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Prime Minister Gaston Browne anticipates that the Grand Royal Antiguan Resort will surpass its former glory now that the dilapidated property has been sold to the Canadian company, Sunwing Travel Group, for US$27 million.
He confirmed to OBSERVER media, yesterday, that the purchase agreement has been signed, with Sunwing depositing 10 per cent of the funds as stipulated by the current owner, Issa Nicholas of Trinidad & Tobago.
“It is just a matter of Sunwing remitting the remaining 90 per cent and for Nicholas to transfer the property to Sunwing,” Browne said.
Efforts to reach Nicholas or officials from Sunwing were unsuccessful.
But the prime minister has asserted that “the sooner we can get Royal out of the hands of Issa Nicholas, the better, because it is in the national interest”.
The government is so eager to see the back of Nicholas that the appreciation tax and transfer taxes will be waived according to the country’s leader.
The soon-to-be-completed transaction culminates a near three-year battle between Nicholas and the Government of Antigua & Barbuda, which had threatened to compulsorily acquire and sell the Grand Royal Antiguan Resort if the businessman did not invest in the property.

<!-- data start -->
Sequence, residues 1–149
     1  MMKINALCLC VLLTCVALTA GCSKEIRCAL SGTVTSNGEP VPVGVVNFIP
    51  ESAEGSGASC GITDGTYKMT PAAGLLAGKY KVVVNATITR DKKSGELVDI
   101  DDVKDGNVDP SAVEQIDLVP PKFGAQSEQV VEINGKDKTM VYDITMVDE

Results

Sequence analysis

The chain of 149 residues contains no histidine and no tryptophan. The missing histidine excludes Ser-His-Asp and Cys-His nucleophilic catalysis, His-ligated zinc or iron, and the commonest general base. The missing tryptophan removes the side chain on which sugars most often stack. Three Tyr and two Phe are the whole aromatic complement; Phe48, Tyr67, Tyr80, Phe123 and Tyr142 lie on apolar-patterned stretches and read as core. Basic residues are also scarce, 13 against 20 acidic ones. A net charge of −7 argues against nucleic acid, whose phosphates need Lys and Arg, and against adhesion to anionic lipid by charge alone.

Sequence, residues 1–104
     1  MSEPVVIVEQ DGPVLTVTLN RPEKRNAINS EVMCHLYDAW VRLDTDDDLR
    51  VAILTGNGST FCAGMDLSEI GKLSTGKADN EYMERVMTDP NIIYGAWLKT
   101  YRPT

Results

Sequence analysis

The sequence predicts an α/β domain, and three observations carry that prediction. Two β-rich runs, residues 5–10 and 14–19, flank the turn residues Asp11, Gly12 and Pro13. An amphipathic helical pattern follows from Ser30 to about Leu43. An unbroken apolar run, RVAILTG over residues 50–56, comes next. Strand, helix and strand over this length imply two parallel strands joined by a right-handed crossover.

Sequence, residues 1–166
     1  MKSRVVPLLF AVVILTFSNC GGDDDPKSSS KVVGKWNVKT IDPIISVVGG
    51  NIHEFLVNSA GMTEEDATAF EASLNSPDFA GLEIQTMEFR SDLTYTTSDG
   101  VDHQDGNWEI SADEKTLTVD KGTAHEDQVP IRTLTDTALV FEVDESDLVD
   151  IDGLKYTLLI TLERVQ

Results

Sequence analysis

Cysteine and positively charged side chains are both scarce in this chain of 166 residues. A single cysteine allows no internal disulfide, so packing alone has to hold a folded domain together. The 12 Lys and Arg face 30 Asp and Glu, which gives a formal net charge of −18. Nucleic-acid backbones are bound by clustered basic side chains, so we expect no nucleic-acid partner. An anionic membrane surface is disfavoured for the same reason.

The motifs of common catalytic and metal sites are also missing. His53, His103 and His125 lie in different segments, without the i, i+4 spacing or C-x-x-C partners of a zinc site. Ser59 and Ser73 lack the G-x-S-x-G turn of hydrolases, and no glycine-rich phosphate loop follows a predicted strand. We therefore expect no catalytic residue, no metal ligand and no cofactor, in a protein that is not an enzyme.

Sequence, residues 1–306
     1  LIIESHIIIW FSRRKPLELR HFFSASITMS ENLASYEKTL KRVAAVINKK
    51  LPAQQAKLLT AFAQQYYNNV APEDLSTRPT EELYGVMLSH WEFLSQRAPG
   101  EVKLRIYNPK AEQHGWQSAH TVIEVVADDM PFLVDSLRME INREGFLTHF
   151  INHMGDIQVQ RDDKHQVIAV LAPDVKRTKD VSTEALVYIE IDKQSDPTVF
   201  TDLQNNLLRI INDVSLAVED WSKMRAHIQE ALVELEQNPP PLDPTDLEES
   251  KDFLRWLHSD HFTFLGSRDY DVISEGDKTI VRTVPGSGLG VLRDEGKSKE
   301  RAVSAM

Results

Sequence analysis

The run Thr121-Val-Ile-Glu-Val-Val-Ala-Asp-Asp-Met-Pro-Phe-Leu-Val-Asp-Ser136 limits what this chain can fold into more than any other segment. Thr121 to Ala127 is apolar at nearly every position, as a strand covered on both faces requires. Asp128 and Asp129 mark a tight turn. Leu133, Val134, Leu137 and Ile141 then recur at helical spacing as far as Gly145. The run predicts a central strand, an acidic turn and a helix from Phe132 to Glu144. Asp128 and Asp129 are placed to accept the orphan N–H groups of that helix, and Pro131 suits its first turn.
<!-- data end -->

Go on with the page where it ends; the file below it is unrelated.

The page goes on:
Nicholas bought the hotel for US $18 million in 2004, with a performance clause to spend US $12 million to upgrade it to a first-class conference centre. Browne has long contended that the then United Progressive Party administration undervalued the former state-owned property.
So, what about the new owner Sunwing? The website of the vertically integrated conglomerate states that it is the largest tour operator in North America and generated US $2 billion in annual revenue.
When earlier efforts to purchase the Grand Royal Antiguan did not pan out, the group bought land adjacent to that property, on which it plans to build a $400 million Royalton Antigua Hotel & Resort.
(More in today’s Daily Observer)

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